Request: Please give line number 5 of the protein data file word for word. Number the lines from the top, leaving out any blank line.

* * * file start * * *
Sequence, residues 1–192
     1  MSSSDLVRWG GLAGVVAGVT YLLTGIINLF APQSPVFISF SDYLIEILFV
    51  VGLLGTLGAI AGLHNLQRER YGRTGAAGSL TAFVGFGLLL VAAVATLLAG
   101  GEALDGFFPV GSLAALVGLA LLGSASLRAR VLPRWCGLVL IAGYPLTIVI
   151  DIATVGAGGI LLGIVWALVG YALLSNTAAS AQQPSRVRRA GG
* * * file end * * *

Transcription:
   151  DIATVGAGGI LLGIVWALVG YALLSNTAAS AQQPSRVRRA GG